Barnard said he talked with the defensive coordinator from Moore after the game on Sept. 8, and Moore's coach said the staff planned for Leming.
"That's something that gives us a chance to be really competitive," Barnard said. "We have those guys who can do it from both sides of the field."

In three games, Thomas has caught 12 passes, which is tied with Leming for the most on the team, for 176 yards; he leads the team with three touchdowns. Last season, he had six catches for 25 yards on no scores.
Thomas said it has been fun improving with Leming, and he said Gundy continues to mature and gain experience.

"He kinda grew up a little bit," Thomas said. "He's not the same little kid I used to know, but we all have a good relationship."

Thomas' work ethic does not end when he is done playing football.

He said he has had success in school. He said he has his parents to thank for that.

"For my parents, school was the most important thing," Thomas said. "They always stayed on me, so they told me school comes before sports.
"I grew up like that. At this point I probably couldn't even break it if I tried to."
Thomas' mother, Kathy Thomas, said she made him focus on school to set him up for success after he is done playing football.

"That's what's going to take you forward in life so that's what we stress most," Kathy Thomas said. "That's what most important, and also important for building an athletic career, too."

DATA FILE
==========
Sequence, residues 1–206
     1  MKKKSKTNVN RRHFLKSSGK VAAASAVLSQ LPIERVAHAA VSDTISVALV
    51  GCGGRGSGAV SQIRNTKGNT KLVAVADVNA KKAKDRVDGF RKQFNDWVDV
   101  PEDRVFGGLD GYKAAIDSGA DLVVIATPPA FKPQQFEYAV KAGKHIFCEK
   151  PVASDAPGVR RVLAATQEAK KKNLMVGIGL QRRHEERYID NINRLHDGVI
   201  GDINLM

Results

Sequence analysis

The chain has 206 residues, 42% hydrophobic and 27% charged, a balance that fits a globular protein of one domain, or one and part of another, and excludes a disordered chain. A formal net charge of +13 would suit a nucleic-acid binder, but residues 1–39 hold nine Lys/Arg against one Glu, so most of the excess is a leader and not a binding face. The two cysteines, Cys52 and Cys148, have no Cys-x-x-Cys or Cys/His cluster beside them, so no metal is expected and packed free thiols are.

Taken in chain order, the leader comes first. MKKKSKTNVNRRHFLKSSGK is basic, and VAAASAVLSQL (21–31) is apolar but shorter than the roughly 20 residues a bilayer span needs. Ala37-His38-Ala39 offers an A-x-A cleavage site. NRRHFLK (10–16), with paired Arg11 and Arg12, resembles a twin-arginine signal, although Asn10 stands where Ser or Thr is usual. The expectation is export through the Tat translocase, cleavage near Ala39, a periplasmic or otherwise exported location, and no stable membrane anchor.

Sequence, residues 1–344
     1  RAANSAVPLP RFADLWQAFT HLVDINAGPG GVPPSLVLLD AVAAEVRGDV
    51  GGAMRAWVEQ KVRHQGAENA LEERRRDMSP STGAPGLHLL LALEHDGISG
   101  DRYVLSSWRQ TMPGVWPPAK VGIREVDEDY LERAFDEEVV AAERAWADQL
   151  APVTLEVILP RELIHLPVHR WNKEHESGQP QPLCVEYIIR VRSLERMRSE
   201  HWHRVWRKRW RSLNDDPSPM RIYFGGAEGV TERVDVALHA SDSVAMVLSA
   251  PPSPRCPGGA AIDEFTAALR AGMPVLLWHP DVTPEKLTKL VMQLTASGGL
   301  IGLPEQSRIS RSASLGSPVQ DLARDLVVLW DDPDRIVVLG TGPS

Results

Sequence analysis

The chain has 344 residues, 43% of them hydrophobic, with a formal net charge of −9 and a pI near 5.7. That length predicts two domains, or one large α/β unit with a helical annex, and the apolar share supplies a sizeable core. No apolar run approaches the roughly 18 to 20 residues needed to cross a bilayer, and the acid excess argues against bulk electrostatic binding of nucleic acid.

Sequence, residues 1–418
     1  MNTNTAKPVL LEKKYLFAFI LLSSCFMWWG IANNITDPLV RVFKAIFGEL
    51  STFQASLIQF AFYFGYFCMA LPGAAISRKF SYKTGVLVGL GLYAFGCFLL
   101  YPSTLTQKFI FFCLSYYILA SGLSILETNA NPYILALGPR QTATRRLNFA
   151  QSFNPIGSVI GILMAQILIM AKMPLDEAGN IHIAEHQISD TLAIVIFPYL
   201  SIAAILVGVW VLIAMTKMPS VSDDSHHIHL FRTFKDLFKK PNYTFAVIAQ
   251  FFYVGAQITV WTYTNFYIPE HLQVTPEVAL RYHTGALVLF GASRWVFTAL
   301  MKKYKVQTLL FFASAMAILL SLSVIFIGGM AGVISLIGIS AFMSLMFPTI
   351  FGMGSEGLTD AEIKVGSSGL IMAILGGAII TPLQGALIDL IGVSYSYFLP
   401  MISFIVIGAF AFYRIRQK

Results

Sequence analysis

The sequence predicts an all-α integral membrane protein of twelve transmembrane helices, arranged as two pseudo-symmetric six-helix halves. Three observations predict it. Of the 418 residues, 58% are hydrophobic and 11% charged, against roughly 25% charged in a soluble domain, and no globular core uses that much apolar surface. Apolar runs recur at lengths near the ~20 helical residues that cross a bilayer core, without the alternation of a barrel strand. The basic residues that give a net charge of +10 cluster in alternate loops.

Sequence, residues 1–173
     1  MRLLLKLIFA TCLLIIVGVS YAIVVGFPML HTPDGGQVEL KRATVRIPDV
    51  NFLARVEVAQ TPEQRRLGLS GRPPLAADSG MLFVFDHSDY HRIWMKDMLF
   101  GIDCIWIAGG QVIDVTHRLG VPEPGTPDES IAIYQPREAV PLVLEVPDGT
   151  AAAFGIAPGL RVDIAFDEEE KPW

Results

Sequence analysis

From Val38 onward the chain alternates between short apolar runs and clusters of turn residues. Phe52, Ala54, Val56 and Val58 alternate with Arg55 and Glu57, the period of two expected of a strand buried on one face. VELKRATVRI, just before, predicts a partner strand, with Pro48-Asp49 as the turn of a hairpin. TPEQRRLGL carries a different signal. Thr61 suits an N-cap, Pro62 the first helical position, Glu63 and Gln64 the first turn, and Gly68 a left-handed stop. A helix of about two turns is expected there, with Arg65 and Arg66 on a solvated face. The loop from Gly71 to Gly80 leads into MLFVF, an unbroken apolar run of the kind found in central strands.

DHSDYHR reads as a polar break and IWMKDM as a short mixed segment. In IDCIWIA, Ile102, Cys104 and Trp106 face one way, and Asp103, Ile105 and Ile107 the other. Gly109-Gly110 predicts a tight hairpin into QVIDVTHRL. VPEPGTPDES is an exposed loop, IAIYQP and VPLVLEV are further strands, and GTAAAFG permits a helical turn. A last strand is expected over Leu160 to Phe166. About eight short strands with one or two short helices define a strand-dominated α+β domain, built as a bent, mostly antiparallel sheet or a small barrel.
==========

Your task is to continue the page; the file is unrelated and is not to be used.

Kathy Thomas said she has enjoyed watching Thomas have success with guys he has grown up with; she said his success is dependent on the success of the team.
Thomas said he is undecided about what he wants to study after he graduates, but he has given it some thought.

"I like stuff with architecture and chiropractic, but I don't know if my mom really wants me to do that," Thomas said. "I don't know, I'm still kinda undecided."
Kathy Thomas said she will be happy with whatever path Thomas decides to take and said she thinks he is excited about exploring programs in college.

"Whatever he wants to do is great," Kathy Thomas said. "Of course, I'm in the legal field, so if he was interested in law that'd be fantastic, too."
Kathy Thomas said his work ethic he shows on the field was built off. She said it is important to develop a good work ethic in everything he does.

"Homework, chores, family, service to the community; all of those things come into play," Kathy Thomas said. "We've tried to make sure he's doing something all of the time to make sure that he's got that work ethic continuing in all aspects of his life."